After the non-stop complaints from users of Windows Vista, Microsoft took the hint and released the long awaited Windows 7. Windows 7 improves upon everything users loved from Windows XP and eliminates everything that went wrong with Vista. Windows 7 offers something Windows users have asked for years: a stable, easy to use and secure operating system.
Let’s start with the cons, which are few and far between. Older desktops may not be able to run Windows 7 correctly. The minimum requirements for a 32-bit system include 1 GB of RAM, 16 GB of hard drive space and a 1 GHz processor. For 64-bit systems, you must have 2 GB of RAM, 20 GB of hard drive space and a 1 GHz processor. Keep in mind that these are the bare minimum requirements and optimal performance requires more than the minimum. Most desktops made after 2006 should have little problem running Windows 7, especially with a quick memory upgrade.
Now let’s look at the pros of Windows 7. First off, installation is easier than ever. Users can upgrade from XP or Vista, purchase a new desktop with Windows 7 pre-installed or perform a clean install. The installation process takes less than a hour for the operating system itself, while prior versions took at least thirty minutes to an hour longer.
Windows 7 offers both improvements and new features. One stand out feature is the new taskbar, which has been compared to Apple’s Mac OS X system. By simply rolling your mouse over your taskbar icons, you can quickly preview the window and any windows related to it. Another feature many users will enjoy is the ability to drag windows to different portions of your screen to view multiple windows simultaneously. Users can even drag two windows to each top corner of their desktop to automatically resize the windows to half the desktop size.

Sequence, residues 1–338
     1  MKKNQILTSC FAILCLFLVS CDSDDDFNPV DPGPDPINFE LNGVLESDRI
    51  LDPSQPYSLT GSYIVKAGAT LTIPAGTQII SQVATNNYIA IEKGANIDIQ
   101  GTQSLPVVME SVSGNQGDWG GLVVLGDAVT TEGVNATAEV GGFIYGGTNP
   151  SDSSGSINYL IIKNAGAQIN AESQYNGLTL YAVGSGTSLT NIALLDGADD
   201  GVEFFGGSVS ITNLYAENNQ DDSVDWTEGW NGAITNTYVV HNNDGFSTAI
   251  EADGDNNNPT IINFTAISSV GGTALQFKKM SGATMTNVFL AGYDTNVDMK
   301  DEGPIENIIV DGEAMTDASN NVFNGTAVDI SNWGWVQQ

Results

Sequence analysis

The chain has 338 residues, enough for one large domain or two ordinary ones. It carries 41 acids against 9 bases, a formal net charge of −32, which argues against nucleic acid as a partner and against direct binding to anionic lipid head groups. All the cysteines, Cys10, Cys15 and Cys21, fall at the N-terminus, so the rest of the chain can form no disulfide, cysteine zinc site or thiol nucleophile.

Windows Media Player has also been improved in Windows 7. You can now stream media content between computers, over a network or over the Internet easily, with a quick and simple to understand setup process. Viewing and managing devices has also been simplified with all devices listed in one window. There is also support for older devices, so you can view and manage them in the Device Stage window.
One feature that die hard Windows XP users will enjoy is XP Mode. Any applications you have that are not compatible with Windows 7 can be used in XP Mode. With this virtual environment, users can use their favorite older programs and still enjoy all Windows 7 has to offer.
Windows Vista users often complained about the User Account Control feature. Windows 7 makes the UAC feature customizable and less frustrating for users. The Windows Firewall is still included with Windows 7.
Windows 7 definitely blows Windows Vista away and is considered by many users to be just as good, if not better than Mac OS X.
Mac OS X Leopard
Windows isn’t for everyone and that’s where Apple’s Mac OS X Leopard operating system comes into play. Many users turned to Mac OS X when Windows Vista was released. There have been several improvements from Tiger to Leopard, including enhanced graphics and search features.